DevelopersDevOpsFeaturedLet's TalkOpen SourceVideo

Open Source Is ‘Powering’ The Energy Sector, Thanks To LF Energy

0

As the world is looking at moving away from fossil fuels towards renewable sources, there is a combined effort from private sector, public sector and consumers to make the much-needed switch to renewables. Energy sector is going through a dual challenge: 1) digital transformation of their own technologies and 2) embracing the challenges posed by renewable energy.

Linux Foundation Energy aka LF Energy was created to work as a catalyst, an accelerator, to these changes, bringing different players of the energy sector together to use each other’s resources and collaborate on putting their transformation on a highway.

Two key players, among many others, of this sector are RTE and Alliander who played a pivotal role in the creation of LF Energy.

In this episode of TFiR Let’s Talk, Swapnil Bhartiya sits down with Lucian Balea, Open Source Program Director at RTE and Jonas van den Bogaard, Solution Architect and Open Source Advocate at Alliander while at Open Source Summit in Dublin, to discuss the state of adoption of open source in the energy sector and some of the key challenges companies are facing. They also dive into the geographical aspect of open source in the energy sector and how they are navigating these issues.

Both Balea and van den Bogaard agree that Open Source Summit is a great opportunity for social connections and feel there is a great momentum in the ecosystem. They feel that it gives people a chance to meet in person and share what they have learnt and achieved on their open source journey. It also allows for a chance to hear what developments are going on with other companies involved in the open source projects.

What is the state of adoption of open source in the energy sector?

While some energy companies have come quite far on their open source journey, there is still a lot of work to be done in this area. van den Bogaard tells us that they have multiple open source projects internally and projects they are working on together for both organizations. Certain industries such as telecoms and cloud internet, started to adopt open source a couple of years earlier with both successes and failures to learn from, and now the energy sector can also learn from these early adopters.

Balea explains that it is not just a case of onboarding an organization but rather the entire ecosystem and while RTE and Alliander are front-running open source in the energy industry, they need to get connections with others to grow the ecosystem.

How is political pressure affecting the energy sector?

While the energy sector has traditionally only gained the limelight when things did not work, such as, no electricity or gas, now with the attention on more renewable energy and less reliance on fossil fuels, the story is changing. Yet van den Bogaard feels that this is challenging because of how quickly it is changing and the need for rapid development.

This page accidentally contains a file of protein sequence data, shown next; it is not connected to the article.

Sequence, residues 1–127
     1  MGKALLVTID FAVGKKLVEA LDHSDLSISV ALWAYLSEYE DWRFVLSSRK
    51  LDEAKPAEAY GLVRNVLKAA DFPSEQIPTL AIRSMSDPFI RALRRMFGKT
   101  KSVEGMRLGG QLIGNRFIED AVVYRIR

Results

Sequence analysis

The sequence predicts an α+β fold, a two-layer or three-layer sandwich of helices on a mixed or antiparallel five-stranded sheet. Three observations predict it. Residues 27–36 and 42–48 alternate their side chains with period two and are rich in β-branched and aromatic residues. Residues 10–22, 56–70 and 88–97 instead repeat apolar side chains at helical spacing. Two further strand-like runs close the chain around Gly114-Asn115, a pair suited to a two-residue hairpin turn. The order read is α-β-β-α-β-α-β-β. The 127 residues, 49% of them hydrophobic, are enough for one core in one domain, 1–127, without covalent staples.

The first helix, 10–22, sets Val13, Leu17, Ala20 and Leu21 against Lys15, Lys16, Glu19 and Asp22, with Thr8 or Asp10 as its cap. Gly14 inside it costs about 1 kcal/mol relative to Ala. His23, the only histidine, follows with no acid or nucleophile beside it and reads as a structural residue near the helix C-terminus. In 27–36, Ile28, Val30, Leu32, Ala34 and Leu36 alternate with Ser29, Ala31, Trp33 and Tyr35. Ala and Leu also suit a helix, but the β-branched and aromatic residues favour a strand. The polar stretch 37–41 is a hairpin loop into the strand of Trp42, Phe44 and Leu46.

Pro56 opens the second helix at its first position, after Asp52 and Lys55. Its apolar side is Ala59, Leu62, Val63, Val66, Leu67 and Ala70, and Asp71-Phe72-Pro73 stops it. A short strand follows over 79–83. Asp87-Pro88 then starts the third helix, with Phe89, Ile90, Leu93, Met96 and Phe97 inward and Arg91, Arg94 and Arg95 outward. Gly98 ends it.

The political context is ramping up the pressure with the energy sector, something that is not expected to decrease in the next few years. The International Panel of Climate Change (IPCC), which analyzed the consequences on various social and economic indicators found that even if energy companies met the ambitious goals that they have, things will get worse. Balea explains that they are currently in the yellow zone but they will enter the reddish zone even if they meet the goals, meaning that the industry has to radically transform at a pace it is not used to.

It needs radical innovation, collaboration and fast-paced testing and deployment of these new technologies. Open source is the only way to achieve this super ambitious challenge.

How does the open source model carry across to less developed geographical areas?

Balea feels that the open source model can be an opportunity for less developed regions since it can help with reuse of all the common planning that is currently developed and could spread at a lower cost globally. Furthermore, he feels that it presents a chance for countries and organizations from countries with less means to get a voice and be a part of a community. van den Bogaard discusses the reciprocal nature of the open source community as a way to get the innovative ideas from developing countries into the spectrum, while also to make the developments they do in Europe and America viable for developing countries to use and adopt. The open source community is open to everyone with inclusive principles, and there is recognition within the community that diversity brings value.

How are local policies handled in the open source community?

While open source is often viewed as global in its initiative, Europe has specific energy policies and frameworks that differ from the rest of the world. Balea explains that when they joined LF Energy and started collaborating with the Linux Foundation, there were questions about whether there should be a local foundation. The members felt that in order to get maximum impact they needed to articulate local policies with what happens on the global scale. LF Europe is an opportunity to create this bridge and reinforce it to connect it with the global community. Since Europe is generally more pro-open source than North America, it is thought that it will act as an enabler for open source and help more members to join the effort.

Connect with Lucian Balea (LinkedIn)
Connect with Jonas van den Bogaard (LinkedIn)

Learn more about RTE (Twitter)
Learn more about Alliander (LinkedIn, Twitter)

The summary of the show is written by Emily Nicholls.

Don't miss out great stories, subscribe to our newsletter.

Label Studio 1.6 Adds Video Object Tracking To Open-Source Data Labeling Platform

Previous article

Materialize’s New Distributed Streaming Database Now Available

Next article
Login/Sign up